Overall, a previously burgeoning startup marketplace has been in decline since 2016. Dark Reading cites the startup slowdown a result of reduced funding from venture capital firms. However, one industry continues to boom, despite the overall decline: cybersecurity.
According to CBInsights: in 2016, “cybersecurity funding deals reached a record high, with Q3’16 as the most active quarter for deals to cybersecurity companies in the last five years” with more than 400 new deals to cybersecurity companies.
The tech industry never sleeps. Neither do hackers or cybercriminals. In the first half of 2017, several cybersecurity breaches wreaked havoc worldwide. Most notably, the “WannaCry” and “Petya” ransomware attacks that occurred in May and June, respectively, and are still ongoing. Fortunately, these recent ransomware scares have not caused as much damage as anticipated. However, the threat of more creative, widespread, and damaging cyberattacks to come is as concerning as it is inevitable. Thus, the overwhelming need for cybersecurity startups.
There are thousands of tech startups vying for the spotlight, hoping to protect against bitcoin bad guys and corrupt coders. Here are a few of our favorites:
It’s simple to school employees on techniques for avoiding common phishing scams, especially in the inbox. Preventing outsider threats is straightforward: you want to block non-employees from gaining access to sensitive company information. But what about insider threats? The CheckRecipient platform uses machine learning to prevent trusted users from sending too soon—or at all.
Another, Silicon Valley startup, this total data protection company offers an end-to-end solution for enterprises. Bitglass opened its doors in 2014 after securing $10M in venture capital funding and just 3 years later, is funding a global expansion. It works like this: “companies are able to protect, secure and track sensitive corporate data without having to first install client software on employee laptops or mobile devices – a notable leap in terms of how things typically work today in the enterprise environment.”
RSA Conference, the leading cybersecurity conference, concluded in February. Held annually and highly anticipated, the event features an Innovation Sandbox Contest for startups. Hot topics included cloud security, Internet of Things security, and encryption. Of the 10 finalists, the 2016 winner was Phantom and the 2017 winner was UnifyID.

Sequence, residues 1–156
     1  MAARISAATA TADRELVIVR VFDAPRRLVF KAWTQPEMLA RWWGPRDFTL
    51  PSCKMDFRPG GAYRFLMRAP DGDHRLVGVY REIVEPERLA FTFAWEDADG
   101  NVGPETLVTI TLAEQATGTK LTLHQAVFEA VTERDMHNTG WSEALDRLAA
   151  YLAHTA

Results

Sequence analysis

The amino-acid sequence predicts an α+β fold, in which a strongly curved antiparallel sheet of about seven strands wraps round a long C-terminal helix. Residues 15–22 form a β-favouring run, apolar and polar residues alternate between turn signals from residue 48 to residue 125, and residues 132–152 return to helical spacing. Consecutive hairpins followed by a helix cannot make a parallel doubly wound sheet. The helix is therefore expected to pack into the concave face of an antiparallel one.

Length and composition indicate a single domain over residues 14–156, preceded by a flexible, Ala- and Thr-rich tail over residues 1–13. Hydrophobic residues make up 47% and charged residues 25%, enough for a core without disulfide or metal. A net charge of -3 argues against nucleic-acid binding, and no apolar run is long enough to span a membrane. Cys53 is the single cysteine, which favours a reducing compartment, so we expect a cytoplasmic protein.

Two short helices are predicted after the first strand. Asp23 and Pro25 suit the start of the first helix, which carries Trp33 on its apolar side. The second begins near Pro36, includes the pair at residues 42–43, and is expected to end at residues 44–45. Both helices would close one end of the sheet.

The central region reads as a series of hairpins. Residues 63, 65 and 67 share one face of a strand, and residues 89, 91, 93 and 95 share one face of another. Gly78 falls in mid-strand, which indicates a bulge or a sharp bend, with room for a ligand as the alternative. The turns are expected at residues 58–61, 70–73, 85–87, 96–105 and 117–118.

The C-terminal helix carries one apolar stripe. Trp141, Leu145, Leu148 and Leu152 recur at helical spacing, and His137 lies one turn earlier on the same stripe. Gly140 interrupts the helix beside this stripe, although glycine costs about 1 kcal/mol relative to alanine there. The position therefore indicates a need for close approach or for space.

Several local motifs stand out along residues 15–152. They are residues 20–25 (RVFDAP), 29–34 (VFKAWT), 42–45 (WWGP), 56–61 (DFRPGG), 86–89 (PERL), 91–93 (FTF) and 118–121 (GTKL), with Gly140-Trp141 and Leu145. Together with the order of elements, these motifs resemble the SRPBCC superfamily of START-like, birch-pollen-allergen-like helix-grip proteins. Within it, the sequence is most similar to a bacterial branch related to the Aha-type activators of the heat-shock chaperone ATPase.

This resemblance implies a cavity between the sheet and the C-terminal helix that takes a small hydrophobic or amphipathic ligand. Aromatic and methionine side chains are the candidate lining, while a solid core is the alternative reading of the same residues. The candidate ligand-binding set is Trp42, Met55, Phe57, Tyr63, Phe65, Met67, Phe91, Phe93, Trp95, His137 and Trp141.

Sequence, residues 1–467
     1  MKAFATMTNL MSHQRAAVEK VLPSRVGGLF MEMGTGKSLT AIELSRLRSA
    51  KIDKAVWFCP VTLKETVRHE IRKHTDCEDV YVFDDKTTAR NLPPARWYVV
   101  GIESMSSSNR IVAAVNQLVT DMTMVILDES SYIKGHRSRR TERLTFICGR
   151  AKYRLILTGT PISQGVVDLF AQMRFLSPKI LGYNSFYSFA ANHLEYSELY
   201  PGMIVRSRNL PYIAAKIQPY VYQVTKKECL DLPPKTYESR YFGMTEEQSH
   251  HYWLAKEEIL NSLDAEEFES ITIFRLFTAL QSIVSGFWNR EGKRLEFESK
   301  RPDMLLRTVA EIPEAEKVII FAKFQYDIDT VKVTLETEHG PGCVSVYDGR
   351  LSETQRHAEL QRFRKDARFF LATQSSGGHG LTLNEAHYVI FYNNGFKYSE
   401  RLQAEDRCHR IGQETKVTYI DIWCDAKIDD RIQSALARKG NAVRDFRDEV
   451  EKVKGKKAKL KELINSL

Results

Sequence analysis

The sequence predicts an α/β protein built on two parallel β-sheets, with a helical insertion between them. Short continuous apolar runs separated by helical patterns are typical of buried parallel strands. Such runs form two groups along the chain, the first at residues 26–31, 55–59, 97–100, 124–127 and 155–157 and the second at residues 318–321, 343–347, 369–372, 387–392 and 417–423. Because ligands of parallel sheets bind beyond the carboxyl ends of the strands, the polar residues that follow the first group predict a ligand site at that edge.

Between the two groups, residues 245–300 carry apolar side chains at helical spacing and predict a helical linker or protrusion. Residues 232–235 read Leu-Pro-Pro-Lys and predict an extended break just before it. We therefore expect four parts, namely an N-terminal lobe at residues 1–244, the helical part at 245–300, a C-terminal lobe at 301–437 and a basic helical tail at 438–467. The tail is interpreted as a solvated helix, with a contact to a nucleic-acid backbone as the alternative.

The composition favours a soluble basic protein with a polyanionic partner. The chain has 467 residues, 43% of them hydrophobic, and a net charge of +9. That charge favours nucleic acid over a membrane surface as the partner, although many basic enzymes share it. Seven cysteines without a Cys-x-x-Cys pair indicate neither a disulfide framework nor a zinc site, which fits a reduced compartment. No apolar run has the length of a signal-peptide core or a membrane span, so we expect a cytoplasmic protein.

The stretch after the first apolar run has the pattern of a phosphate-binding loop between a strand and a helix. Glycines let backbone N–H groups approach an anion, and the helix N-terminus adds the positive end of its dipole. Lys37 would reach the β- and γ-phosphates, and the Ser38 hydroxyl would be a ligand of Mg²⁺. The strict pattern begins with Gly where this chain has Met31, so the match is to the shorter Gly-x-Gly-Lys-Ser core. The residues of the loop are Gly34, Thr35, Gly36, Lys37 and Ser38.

According to RSA’s panel, “This security automation and orchestration platform integrates with a company’s existing security technologies to build a layer of ‘connective tissue’ between them.” It won most innovative startup of 2016 for its solutions to 3 major security challenges: security threats of increasing diversity, frequency and speed; increasing complexity due to an excess of products and platforms; and lack of expert security professionals.
At RSA 2017, UnifyID blew away panelists with its innovation in the authentication sphere, as:
[T]he first holistic implicit authentication platform designed for online and offline use. Its solution utilizes sensor data from everyday devices and machine learning to seamlessly authenticate users. By combining 100+ attributes, UnifyID achieves more than 99.999 percent true positive rate.”
Other notable finalists were Cato Networks, Veriflow, and Baffle.
Schlomo Kramer, an Israeli IT entrepreneur and investor, founded successful cybersecurity startups Check Point and Imperva, has done it again with Cato Networks. His newest startup embraces his foremost passions: networks and security. It’s a “provider of the world’s first software-defined and cloud-based network with built-in enterprise security.” Rather than Software-as-a-Service, it’s responding to a need for network security as a service.
Selected as another finalist at RSA 2017, Veriflow made many headlines in 2016. This startup uses technology called “mathematical network verification” to provide IT professionals with a map of their networks, including any holes in those networks where a future security breach might happen. The company anticipates outages and security breaches before they occur and subsequently, suggests alternative configurations in networks to close any security gaps.
This encryption startup was another finalist at RSA 2017’s Innovation Sandbox Contest. Baffle stays one step ahead of cyber attackers by ensuring any data that is compromised in a data breach is useless, by encrypting it prematurely. Thus, data breaches become irrelevant.
While the overall startup economy is in decline, cybersecurity startups are more important than ever. They will be the future contenders, on the offensive and defensive against cyberattacks to come.